Safety Features To Consider When Building Your Pool

Posted on: 20 September 2017

Having a pool in your backyard increases the amount of summer fun you can enjoy, but it also adds another risk for people who visit and swim to become injured. The best way to prevent bad injuries is to plan for safety right from the start. Here are some safety features you should consider when building and planning your swimming pool oasis with a company like Bonnie & Clydes Above Ground Pools & Spas

1. Fencing

Fencing is the most essential safety feature of your pool. You might like the idea of having an open pool that is always accessible right off the back patio, but when not in use, open pools are dangerous, especially to young children. it's better to always plan for some sort of barrier around the pool deck, whether that is a low, transparent thick glass barrier or a simple picket fence. Make sure the gate is secure with a latch positioned on the inside of the fence to prevent more precocious children from mastering the latch and letting themselves into the pool area.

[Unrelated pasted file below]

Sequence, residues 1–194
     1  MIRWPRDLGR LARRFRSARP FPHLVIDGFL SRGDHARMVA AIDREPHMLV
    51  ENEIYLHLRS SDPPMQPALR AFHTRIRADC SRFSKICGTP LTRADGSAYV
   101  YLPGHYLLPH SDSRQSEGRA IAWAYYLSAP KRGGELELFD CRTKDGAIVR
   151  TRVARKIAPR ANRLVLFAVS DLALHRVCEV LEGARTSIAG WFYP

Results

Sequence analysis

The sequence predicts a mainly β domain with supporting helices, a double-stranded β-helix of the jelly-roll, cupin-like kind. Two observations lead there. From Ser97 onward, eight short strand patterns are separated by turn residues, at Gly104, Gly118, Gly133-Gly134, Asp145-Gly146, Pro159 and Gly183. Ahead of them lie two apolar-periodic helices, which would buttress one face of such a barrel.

2. Pool Coverings

A simple bubble-top cover is great for helping your pool keep its heat (if you have a heating system), but it does not provide much for pool security. These covers can actually be more dangerous because they make it harder for a child who falls in to escape the pool. Instead, talk to your pool contractor about installing a secure cover that stretches over the edges of the pool and hooks to set-in anchors. 

3. Deck Material

The deck material can also be something to consider when it comes to safety. Some types of decking, especially those made from tiles or natural stone slabs, can be very slippery when wet. Consider a material that has varied texture instead of a smooth surface. 

4. Extra security.

You might take pool security to the next level by installing an alarm system on the fence that helps you to know when someone enters the pool at night or when people are away from home. Children can often come into your yard without you knowing, so this helps to prevent the unlawful use of your pool and the possible injury that a child (or teen) could experience with unsupervised use. 

5. Storage.

Make sure that some sort of storage shed or bench is part of your building plans. When balls, noodles, or pool toys are left in the pool, they become attractions for children or pets. A designated storage area helps to reduce this risk.